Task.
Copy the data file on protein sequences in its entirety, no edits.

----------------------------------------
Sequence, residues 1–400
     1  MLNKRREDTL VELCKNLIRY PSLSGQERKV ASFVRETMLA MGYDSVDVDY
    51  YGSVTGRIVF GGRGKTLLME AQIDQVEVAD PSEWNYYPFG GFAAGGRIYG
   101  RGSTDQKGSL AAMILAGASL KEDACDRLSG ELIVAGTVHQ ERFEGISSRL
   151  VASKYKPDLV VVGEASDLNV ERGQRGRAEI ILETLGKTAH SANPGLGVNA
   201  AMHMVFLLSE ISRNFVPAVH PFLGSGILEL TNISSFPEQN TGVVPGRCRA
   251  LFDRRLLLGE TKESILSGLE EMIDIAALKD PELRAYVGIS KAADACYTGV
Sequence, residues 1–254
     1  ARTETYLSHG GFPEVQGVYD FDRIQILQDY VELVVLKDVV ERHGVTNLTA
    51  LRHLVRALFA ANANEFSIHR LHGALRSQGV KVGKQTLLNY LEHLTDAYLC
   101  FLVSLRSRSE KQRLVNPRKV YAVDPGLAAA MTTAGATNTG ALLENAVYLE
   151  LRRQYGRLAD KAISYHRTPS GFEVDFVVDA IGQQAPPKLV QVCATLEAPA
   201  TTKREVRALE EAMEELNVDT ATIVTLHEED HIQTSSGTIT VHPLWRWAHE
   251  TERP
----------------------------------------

Sequence, residues 1–400
     1  MLNKRREDTL VELCKNLIRY PSLSGQERKV ASFVRETMLA MGYDSVDVDY
    51  YGSVTGRIVF GGRGKTLLME AQIDQVEVAD PSEWNYYPFG GFAAGGRIYG
   101  RGSTDQKGSL AAMILAGASL KEDACDRLSG ELIVAGTVHQ ERFEGISSRL
   151  VASKYKPDLV VVGEASDLNV ERGQRGRAEI ILETLGKTAH SANPGLGVNA
   201  AMHMVFLLSE ISRNFVPAVH PFLGSGILEL TNISSFPEQN TGVVPGRCRA
   251  LFDRRLLLGE TKESILSGLE EMIDIAALKD PELRAYVGIS KAADACYTGV
Sequence, residues 1–254
     1  ARTETYLSHG GFPEVQGVYD FDRIQILQDY VELVVLKDVV ERHGVTNLTA
    51  LRHLVRALFA ANANEFSIHR LHGALRSQGV KVGKQTLLNY LEHLTDAYLC
   101  FLVSLRSRSE KQRLVNPRKV YAVDPGLAAA MTTAGATNTG ALLENAVYLE
   151  LRRQYGRLAD KAISYHRTPS GFEVDFVVDA IGQQAPPKLV QVCATLEAPA
   201  TTKREVRALE EAMEELNVDT ATIVTLHEED HIQTSSGTIT VHPLWRWAHE
   251  TERP